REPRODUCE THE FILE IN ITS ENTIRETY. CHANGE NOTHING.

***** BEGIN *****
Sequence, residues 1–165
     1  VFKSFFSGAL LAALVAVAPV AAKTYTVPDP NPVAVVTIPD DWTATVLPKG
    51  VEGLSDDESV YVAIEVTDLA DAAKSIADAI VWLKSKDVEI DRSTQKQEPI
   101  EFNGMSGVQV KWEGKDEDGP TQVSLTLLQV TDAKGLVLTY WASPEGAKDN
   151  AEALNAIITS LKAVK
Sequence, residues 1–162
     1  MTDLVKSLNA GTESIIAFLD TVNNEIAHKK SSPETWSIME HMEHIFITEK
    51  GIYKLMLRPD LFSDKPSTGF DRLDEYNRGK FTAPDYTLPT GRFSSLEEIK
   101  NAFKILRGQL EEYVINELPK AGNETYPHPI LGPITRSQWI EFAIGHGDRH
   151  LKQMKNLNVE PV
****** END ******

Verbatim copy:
Sequence, residues 1–165
     1  VFKSFFSGAL LAALVAVAPV AAKTYTVPDP NPVAVVTIPD DWTATVLPKG
    51  VEGLSDDESV YVAIEVTDLA DAAKSIADAI VWLKSKDVEI DRSTQKQEPI
   101  EFNGMSGVQV KWEGKDEDGP TQVSLTLLQV TDAKGLVLTY WASPEGAKDN
   151  AEALNAIITS LKAVK
Sequence, residues 1–162
     1  MTDLVKSLNA GTESIIAFLD TVNNEIAHKK SSPETWSIME HMEHIFITEK
    51  GIYKLMLRPD LFSDKPSTGF DRLDEYNRGK FTAPDYTLPT GRFSSLEEIK
   101  NAFKILRGQL EEYVINELPK AGNETYPHPI LGPITRSQWI EFAIGHGDRH
   151  LKQMKNLNVE PV